The discrepancy in the reported death toll should be treated with some suspicion. “It’s interesting how quickly in Angola the figures on massacres and alleged massacres grow…I found myself thinking this is just like 27 May, regarding the so-called estimates of the dead which went from at the time perhaps several hundred, to 2,000-3,000, right up to 15,000, 25,000, 50,000, and some people saying 80,000-90,000,” said Pawson.
Nonetheless, testimony received by respected journalists and civil society actors, coupled with leaked photographs and footage from Mount Sumi itself, suggest that the government’s claim of only 13 dead is laughable, with the real figure likely to be in the hundreds.
Confirming anything, however, is almost impossible: the government has turned the site into a military base and denied access to almost everyone (when access was granted, to opposition leaders, it was nearly two weeks later – plenty of time to execute a cover-up).
“Using the state media, the government is imposing its own version of the story – the only version with nationwide outreach – while demanding that everyone else provide evidence to the contrary, even though it is not allowing independent journalists and civil society members near the site,” said investigative journalist Rafael Marques, writing in the Guardian. But his sources, including police and military officers who participated in the raid, tell a very different story:
“They all told me how pilgrims were mown down indiscriminately, many of them praying to the end. They all gave accounts of how makeshift shelters were set alight with people inside. There were also stories of police officers sparing women and children who escaped down the mount but were unable to elude the manhunt that ensued. These officers also told me how they bore witness to the filling of mass graves, dug by an excavator, in the nearby village of Cuassamba.”
In an interview with Daily Maverick, Marques said the state was still working to eliminate members of Kalupeteka’s sect. “The main problem now is not just that the massacre happened. People are being hunted down for belonging to the sect. I just received information yesterday, and I’m passing it on to a friend to publish now, that south of Luanda a police commander refused to take orders from the town mayor to basically go after the sect and kill them. It hasn’t stopped. People are being persecuted…persecuted and killed,” he said. [Marques has faced plenty of state persecution himself, and is currently awaiting verdict in a show trial in Luanda. Click here for the full Daily Maverick interview].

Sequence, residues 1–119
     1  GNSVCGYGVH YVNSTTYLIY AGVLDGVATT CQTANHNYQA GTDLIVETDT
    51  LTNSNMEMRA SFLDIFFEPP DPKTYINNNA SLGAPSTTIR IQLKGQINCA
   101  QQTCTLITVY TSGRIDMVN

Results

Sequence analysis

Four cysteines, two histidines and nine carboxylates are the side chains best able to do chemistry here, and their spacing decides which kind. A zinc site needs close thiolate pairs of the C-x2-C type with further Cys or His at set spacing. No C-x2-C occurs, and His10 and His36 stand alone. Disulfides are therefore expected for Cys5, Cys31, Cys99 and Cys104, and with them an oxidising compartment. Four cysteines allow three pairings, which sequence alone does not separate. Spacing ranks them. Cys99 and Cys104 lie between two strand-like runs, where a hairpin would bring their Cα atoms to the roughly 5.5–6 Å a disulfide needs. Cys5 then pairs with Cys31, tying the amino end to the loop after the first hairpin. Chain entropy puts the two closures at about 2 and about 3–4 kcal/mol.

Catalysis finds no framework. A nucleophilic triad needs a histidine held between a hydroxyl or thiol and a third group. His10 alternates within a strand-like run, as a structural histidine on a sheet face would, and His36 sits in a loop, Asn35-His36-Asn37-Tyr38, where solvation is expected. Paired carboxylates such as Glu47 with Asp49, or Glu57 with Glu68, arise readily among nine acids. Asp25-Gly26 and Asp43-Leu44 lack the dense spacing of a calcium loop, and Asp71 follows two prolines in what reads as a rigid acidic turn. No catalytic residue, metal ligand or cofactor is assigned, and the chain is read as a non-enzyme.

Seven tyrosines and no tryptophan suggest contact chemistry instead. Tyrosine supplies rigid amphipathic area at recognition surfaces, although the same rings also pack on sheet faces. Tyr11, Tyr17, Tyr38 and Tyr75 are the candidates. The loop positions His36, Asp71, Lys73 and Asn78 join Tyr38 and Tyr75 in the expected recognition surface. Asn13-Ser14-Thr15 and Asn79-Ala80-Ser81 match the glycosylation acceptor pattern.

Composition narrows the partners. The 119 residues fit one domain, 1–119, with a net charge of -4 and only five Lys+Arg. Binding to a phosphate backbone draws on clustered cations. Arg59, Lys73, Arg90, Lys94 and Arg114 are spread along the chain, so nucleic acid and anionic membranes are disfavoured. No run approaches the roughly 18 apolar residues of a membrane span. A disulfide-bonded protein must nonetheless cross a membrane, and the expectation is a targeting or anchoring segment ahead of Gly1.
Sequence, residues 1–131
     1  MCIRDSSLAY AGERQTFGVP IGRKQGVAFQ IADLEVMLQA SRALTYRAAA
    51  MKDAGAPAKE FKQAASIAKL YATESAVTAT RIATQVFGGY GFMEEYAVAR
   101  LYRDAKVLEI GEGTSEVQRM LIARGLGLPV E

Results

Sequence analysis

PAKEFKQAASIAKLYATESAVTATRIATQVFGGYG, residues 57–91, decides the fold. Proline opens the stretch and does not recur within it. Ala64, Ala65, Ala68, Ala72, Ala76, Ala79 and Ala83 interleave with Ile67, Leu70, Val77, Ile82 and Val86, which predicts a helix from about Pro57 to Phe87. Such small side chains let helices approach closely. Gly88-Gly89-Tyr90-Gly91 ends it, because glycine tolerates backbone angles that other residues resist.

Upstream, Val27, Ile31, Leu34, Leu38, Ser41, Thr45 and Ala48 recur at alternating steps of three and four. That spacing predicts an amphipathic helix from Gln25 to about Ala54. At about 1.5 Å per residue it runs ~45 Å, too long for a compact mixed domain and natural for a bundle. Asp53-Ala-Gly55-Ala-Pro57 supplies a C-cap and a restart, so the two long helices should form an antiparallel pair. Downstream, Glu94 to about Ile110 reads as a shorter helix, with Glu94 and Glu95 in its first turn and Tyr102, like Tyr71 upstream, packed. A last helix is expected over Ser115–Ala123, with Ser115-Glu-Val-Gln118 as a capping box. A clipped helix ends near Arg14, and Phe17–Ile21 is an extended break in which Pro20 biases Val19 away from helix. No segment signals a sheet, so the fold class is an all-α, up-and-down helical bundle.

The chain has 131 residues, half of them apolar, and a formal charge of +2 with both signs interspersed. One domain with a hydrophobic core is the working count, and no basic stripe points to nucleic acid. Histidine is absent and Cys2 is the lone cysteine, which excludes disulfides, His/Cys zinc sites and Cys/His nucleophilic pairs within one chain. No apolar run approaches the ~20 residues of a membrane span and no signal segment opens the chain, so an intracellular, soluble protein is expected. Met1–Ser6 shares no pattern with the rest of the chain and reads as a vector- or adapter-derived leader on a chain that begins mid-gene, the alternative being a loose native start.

There is no doubt that something terrible happened on the slopes of Mount Sumi. Perhaps even scarier for the rest of Angola’s long-suffering citizens is what the massacre, and the government’s response to it, tells us about the Angolan state itself.
“The 27th of May massacre and the 1992 massacres were conducted under the ‘veil’ of war and instability. The Mount Sumi massacre was conducted after 13 years of peace. It shows that the government continues to rely on force to govern, and fear to impose submission…The massacre reveals the basis with which the state has been built – on securitisation, impunity and the overriding interests of the ruling elite. Unfortunately civil society, the media and opposition parties have not yet managed to capitalise on the poor governance of the MPLA. Because the war was so brutal the population have accepted this poor governance because there was peace. However, the heavy-handed approach of the security and defence forces reveals just how nervous the government is of the people they rule,” said Paula Cristina Roque, senior analyst at International Crisis Group.
“Angola is facing serious crossroads: another election in 2017, the presidential succession issue, the prolonged effect of oil crisis, and tensions in several key sectors (ex-combatants, urban poor, unemployed youth). A massacre such as this one can be a catalyst for instability and the government is doing everything possible to contain it,” Roque added.
But in the 21st century, this is easier said than done. Social media is awash with gruesome pictures, and while the massacre has not received much media coverage, it has attracted the attention of the United Nations, which has demanded a full investigation from the government.
Unlike 27 May, Angola will not be allowed to sweep 16 April under the carpet – and will have to deal with the consequences sooner rather than later. DM
Photo: Angolan president in 1977, Agostino Neto. (Wikimedia Commons)
Mooning is considered a form of free speech in the United States.